Download Alzheimer`s Disease and it`s Treatment

yes no Was this document useful for you?
   Thank you for your participation!

* Your assessment is very important for improving the workof artificial intelligence, which forms the content of this project

Document related concepts

Metastability in the brain wikipedia , lookup

Neuroanatomy wikipedia , lookup

Blood–brain barrier wikipedia , lookup

Neurogenomics wikipedia , lookup

History of neuroimaging wikipedia , lookup

Neuropsychology wikipedia , lookup

Cognitive neuroscience wikipedia , lookup

Holonomic brain theory wikipedia , lookup

Visual selective attention in dementia wikipedia , lookup

Haemodynamic response wikipedia , lookup

Impact of health on intelligence wikipedia , lookup

Molecular neuroscience wikipedia , lookup

Aging brain wikipedia , lookup

Neuropsychopharmacology wikipedia , lookup

Nutrition and cognition wikipedia , lookup

Clinical neurochemistry wikipedia , lookup

Alzheimer's disease wikipedia , lookup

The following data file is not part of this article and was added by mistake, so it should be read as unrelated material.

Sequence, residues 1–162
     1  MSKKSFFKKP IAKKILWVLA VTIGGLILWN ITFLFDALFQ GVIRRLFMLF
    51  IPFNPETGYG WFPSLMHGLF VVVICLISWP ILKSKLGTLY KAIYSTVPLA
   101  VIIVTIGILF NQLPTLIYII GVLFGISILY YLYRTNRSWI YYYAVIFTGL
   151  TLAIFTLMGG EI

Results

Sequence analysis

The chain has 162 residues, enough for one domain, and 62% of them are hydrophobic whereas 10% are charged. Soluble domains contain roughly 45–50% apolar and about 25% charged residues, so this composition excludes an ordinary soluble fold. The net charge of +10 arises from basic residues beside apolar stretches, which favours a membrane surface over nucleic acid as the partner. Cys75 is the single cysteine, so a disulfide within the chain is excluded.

Biochemistry of Alzheimer's disease wikipedia , lookup

Presented by
Kirmal Masih
Medicinal Chemistry
March 25th
Alzheimer's disease (AD), also known as Senile Dementia
of the Alzheimer Type (SDAT) or simply Alzheimer’s is
the most common form of dementia. This incurable,
degenerative, terminal disease was first described by a
German psychiatrist and neuropathologist Alois
Alzheimer in 1906 and was named after him.
 Alzheimer's disease (AD) is a slowly progressive disease
of the brain that is characterized by impairment of
memory and eventually by disturbances in reasoning,
planning, language, and perception.
 Many scientists believe that Alzheimer's disease results
from an increase in the production or accumulation of a
specific protein (beta-amyloid protein) in the brain that
leads to nerve cell death.
 Generally,
it is diagnosed in people over
65 years of age, although the less-prevalent
early onset of Alzheimer’s can occur much
 In 2006, there were 26.6 million sufferers
 Alzheimer’s is predicted to affect 1 in 85
people globally by 2050.
1) Early Stage
 This is considered as a mild/early stage and the
duration period is 2-4 years.
 Frequent recent memory loss, particularly of
recent conversations and events.
 Repeated questions, some problems expressing
and understanding language.
 Writing and using objects become difficult and
depression and apathy can occur.
 Drastic personality changes may accompany
functional decline.
 Need reminders for daily activities and
difficulties with sequencing impact driving early